-no explanation yet for absence from hospital
The doctor at the Mabaruma Hospital in Region One should be congratulated for the way he handled the stabbing of a Kumaka schoolgirl who later succumbed to her injuries, Health Minister Dr Bheri Ramsaran said on Saturday, noting that he made efforts to find a medivac pilot and was in contact with his seniors in Georgetown throughout the night.
No mention was made as to why the doctor could not be located when Zaleena Shaddick also called `Zal’ and `Bibi’ of Kumaka, Region One, North West District was rushed to the hospital last Wednesday night with gaping wounds to her stomach and neck. That matter, based on this newspaper’s understanding is being investigated by the ministry.
The attacker, Ronnie Ramitt Jnr, an 18-year-old minibus conductor was found hours after he had launched the vicious attack, hanging from a piece of rope in a Hosororo yard.
The teen’s father Feroze Mohamed Shaddick had told this newspaper that when they went to the hospital no doctor was there. He said that they checked the doctors’ quarters and found no one. The doctor, according to him, arrived about 1 -1 ½ hours later.
“A very good example of how the ministry is on top of its job is the incident in Mabaruma but it is being portrayed in all manners like the ministry was pussyfooting around (in) the bush and was not on top of its job”, Ramsaran told reporters during a media seminar held at Cara Lodge.
He said that “you might have a doctor (working) throughout the night …and (who) still has to work next morning in harsh conditions”. Dr Ramsaran said that one needs to question why women are being mauled and where are the leaders of the community.
“Everything possible in the condition of a Third World country was done. We do not shake pilots off of the trees. The doctor was there throughout the night… the doctor was in communication as he is trained to be with his seniors at Georgetown Hospital which means that not just one doctor was discommoded for that night but the best in the country who would have to perform surgery the next day in Georgetown Hospital regardless of how many times he was on the telephone with his junior doctor in the bush. These are some of the challenges that we have”, he stressed.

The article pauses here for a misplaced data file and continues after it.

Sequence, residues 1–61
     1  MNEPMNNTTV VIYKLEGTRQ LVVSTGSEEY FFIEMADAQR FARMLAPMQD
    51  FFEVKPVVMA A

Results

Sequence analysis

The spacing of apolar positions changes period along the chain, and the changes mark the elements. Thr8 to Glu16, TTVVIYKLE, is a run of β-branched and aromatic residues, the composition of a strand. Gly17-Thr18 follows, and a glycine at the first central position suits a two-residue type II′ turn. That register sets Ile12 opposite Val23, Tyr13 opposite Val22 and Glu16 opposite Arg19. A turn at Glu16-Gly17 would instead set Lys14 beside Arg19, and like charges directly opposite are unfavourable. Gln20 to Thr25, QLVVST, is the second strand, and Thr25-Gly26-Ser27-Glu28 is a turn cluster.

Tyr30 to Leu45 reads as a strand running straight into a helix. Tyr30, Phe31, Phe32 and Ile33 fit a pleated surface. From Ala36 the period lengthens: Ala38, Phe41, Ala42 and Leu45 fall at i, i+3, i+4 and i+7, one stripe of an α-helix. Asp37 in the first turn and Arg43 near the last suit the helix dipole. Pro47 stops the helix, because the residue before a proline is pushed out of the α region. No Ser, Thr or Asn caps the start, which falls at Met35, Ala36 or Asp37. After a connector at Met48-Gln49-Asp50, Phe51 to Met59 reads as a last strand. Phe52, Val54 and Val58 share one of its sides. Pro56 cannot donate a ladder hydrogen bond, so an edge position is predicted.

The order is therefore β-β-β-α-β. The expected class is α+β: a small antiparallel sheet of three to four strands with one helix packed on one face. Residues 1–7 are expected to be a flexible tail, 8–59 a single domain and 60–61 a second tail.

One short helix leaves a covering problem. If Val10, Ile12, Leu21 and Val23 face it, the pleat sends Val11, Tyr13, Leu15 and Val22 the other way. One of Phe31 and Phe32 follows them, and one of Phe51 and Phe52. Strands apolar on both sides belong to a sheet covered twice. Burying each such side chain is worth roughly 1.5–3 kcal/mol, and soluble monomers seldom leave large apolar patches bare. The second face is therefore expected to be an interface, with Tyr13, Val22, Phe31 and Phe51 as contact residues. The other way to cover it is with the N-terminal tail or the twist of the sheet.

He said that based on the situation he heard, the doctor who he identified as Dr. Langhorne, using his initiative and guidance given by the system, contacted everyone possible including the Guyana Defence Force which resulted in a pilot being put on standby.
“He must be congratulated for that”, he said adding that the private company could not provide a second pilot as the law requires.
“I am warned by the PR (public relations) people that while things are being investigated we must be judicious but I am certain of the information from people who tried to do what they were thought to do using the resources that they have”, he added.
He said that in light of this situation “We probably need to push more doctors into the bush who can probably deal with more serious cases but why should we be having these cases. Why should a woman’s guts be ripped out”.
Meanwhile, Ramitt’s cousin Shion Mendonza told Stabroek News on Saturday that she spoke to her cousin about a month ago and during the conversation, Ramitt told her about the teen. She stated that the two knew each other for three years and that her cousin had even offered to marry her once she finished school.
She said that based on her understanding from Ramitt’s father following the boy’s death, the teen wanted to end their relationship as she had found someone else.
According to Mendonza, Ramitt went to her home on Diwali night and found someone else there. Following an altercation, she said he returned home and recounted the episode to his father who advised him to move on with his life.
She said that her cousin was left with that rage since then, noting that she believed that “he was in love with her”.
Ramitt, who would have celebrated his 19th birthday shortly, leaves to mourn ten siblings and his parents Ronnie Snr and Camille.
The teen’s uncle, Gary James had told this newspaper that based on the information he received, Ramitt visited the girl’s home to deliver a sim card. He explained that Ramitt who lives some thirteen miles away hired a vehicle to transport him to Kumaka. Following the stabbing, he said, Ramitt boarded the vehicle and was heading for home.
The girl’s relatives had praised the work of the medical staff including the off duty medic who worked around the clock; taking turns squeezing an oxygen mask.
They said this situation highlighted the urgent need for an emergency airplane to service the area. They had opined that if this was available Shaddick would have been alive as during the ten hours she remained at Mabaruma, she lost a considerable amount of blood.
She died around 6 am the following day shortly after an airplane transporting her to the city lifted off from the Mabaruma airstrip.